FARMINGTON — Proponents of a proposed biomass heating plant for the University of Maine at Farmington said they will address concerns raised by neighbors about aesthetics and truck traffic at an upcoming public hearing.

About a dozen residents and the Farmington Planning Board listened to a presentation Monday night on the proposed Quebec Street boiler system, which also could heat the Farmington Community Center.

The residents voiced concerns about the appearance of a 50-foot smokestack and asked whether the building would clash with residential zoning in the village and whether delivery truck traffic would disrupt the neighborhood.

Project representatives said the smokestack would be obscured partially by the building, and that truck deliveries could be coordinated on routes and at delivery times acceptable to the town. The building also would have a brick exterior designed to match the rest of the university architecture.

“There has been some thought to make it fit in with the university,” said Mark Power, team leader from Trane Inc., a climate engineering and construction firm that is contracted to build the energy system.

Tom Perkins, of Dirigo Architectural, which is overseeing the project for UMF, said there are examples of biomass boilers in the area, such as at Mallet Elementary School and Mt. Blue High School.

“A biomass solution is very common,” he said.

Perkins said the wood chip boiler system, which would connect via heating pipes to the university buildings, would have a scrubbing device to remove 99 percent of the ash particles. The ash would be composted.

The central heating plant was intended originally to be powered by natural gas. However, after Summit Natural Gas of Maine endured multiple delays in its proposed construction schedule and ultimately said the pipeline couldn’t be built until 2016, university leadership said the school could not wait and eventually switched to pursuing biomass.

The University of Maine System previously said the natural gas project would save UMF an estimated $4 million over 10 years. UMF never finished negotiating with Summit on the project and never announced a projected cost for bringing natural gas to the campus.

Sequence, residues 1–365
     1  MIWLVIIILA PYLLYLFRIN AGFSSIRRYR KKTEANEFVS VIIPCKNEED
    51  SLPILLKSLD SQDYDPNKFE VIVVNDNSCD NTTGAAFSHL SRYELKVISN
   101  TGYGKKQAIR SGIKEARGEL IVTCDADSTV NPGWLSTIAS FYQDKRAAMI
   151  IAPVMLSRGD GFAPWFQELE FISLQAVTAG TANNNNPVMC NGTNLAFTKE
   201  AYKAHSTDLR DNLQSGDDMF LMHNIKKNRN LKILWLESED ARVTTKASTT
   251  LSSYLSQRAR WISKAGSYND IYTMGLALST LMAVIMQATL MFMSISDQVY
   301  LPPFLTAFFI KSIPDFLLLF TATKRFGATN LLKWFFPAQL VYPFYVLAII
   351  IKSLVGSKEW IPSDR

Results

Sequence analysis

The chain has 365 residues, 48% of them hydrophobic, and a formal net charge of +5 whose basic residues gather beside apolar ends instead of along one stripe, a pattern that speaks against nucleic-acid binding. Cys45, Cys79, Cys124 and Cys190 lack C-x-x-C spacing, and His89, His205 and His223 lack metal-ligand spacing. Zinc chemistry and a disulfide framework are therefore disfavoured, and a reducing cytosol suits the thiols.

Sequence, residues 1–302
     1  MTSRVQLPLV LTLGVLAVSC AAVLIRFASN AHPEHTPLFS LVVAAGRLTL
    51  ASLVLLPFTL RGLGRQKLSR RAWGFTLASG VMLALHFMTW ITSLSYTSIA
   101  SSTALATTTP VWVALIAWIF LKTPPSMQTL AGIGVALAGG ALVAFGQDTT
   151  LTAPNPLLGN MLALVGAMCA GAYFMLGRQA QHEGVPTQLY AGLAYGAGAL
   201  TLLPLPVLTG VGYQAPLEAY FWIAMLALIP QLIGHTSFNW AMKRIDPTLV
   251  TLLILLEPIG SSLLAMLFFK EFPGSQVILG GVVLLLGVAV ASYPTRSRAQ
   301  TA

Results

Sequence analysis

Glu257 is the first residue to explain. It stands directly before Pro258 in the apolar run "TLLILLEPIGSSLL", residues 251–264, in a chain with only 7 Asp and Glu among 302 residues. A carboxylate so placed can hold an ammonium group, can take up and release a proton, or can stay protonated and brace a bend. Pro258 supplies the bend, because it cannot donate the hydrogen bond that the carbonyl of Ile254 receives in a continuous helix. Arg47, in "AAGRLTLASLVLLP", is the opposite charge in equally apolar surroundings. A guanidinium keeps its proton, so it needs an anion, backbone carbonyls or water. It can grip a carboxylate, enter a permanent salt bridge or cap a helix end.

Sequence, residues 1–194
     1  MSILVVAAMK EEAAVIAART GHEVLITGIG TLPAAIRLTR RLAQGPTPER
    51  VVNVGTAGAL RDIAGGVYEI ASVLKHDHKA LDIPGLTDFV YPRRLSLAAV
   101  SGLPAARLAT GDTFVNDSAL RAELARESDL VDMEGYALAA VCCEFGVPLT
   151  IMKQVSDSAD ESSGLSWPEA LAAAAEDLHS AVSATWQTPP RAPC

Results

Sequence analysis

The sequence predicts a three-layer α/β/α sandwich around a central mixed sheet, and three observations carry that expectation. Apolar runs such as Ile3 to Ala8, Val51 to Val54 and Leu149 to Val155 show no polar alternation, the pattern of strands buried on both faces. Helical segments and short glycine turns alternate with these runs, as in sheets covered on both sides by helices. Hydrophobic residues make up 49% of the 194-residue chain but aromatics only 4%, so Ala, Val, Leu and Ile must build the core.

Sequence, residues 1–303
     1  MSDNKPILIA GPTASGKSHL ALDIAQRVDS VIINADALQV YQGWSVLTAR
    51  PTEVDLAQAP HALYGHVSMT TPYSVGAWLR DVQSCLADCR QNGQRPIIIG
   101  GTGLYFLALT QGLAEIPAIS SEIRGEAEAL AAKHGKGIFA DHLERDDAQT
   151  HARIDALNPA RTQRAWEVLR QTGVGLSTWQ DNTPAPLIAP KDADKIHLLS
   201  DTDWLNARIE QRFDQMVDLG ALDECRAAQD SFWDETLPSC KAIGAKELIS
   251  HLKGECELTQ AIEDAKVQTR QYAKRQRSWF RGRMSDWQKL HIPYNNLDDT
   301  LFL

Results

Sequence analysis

The biomass central heating plant is expected to cost about $11 million and is projected eventually to save UMF $11 million in heating costs over a 10-year period.

The heating plant is proposed to be built in parking lot 9, which is off Quebec Street behind St. Joseph Catholic Church. It would take up 22 existing parking spaces, but Jeff McKay, director of facilities management for UMF, said the school is over capacity for parking and can absorb the new construction.

The 5,885-square-foot heating plant would have a loading bay on the Middle Street side.

Planning Board member Lloyd Smith said he was concerned about the possibility of tractor-trailers idling 20 to 30 minutes in the loading bay while the chips are offloaded.

Board member Matt Smith asked for more information about the effect of the tractor-trailers driving on Quebec Street to make deliveries, and he asked whether the trucks could travel on the narrow street.

Quebec Street resident Virginia Woodman said she was concerned about the effect of tractor-trailers driving down the quiet street to make deliveries.

Resident Matt McCourt, a UMF associate professor of geography, said he lives at the corner of Quebec and Perham streets and was concerned about whether the trucks would fit on the small side roads and would disrupt the neighborhood.

Some residents wondered whether the building would comply with the zoning code in the area, but Code Enforcement Officer Steve Kaiser said the heating plant would be considered part of the university operations and acceptable under the ordinance.

Board member William Marceau said the tractor-trailer traffic might be comparable to fully loaded plow trucks and other traffic already on the street.

Perkins and Power said they would bring back more information on the trucks and the route for a public hearing and vote by the Planning Board at its next meeting at 6 p.m. March 9 at the Town Office.

Kaitlin Schroeder — 861-9252

[email protected]

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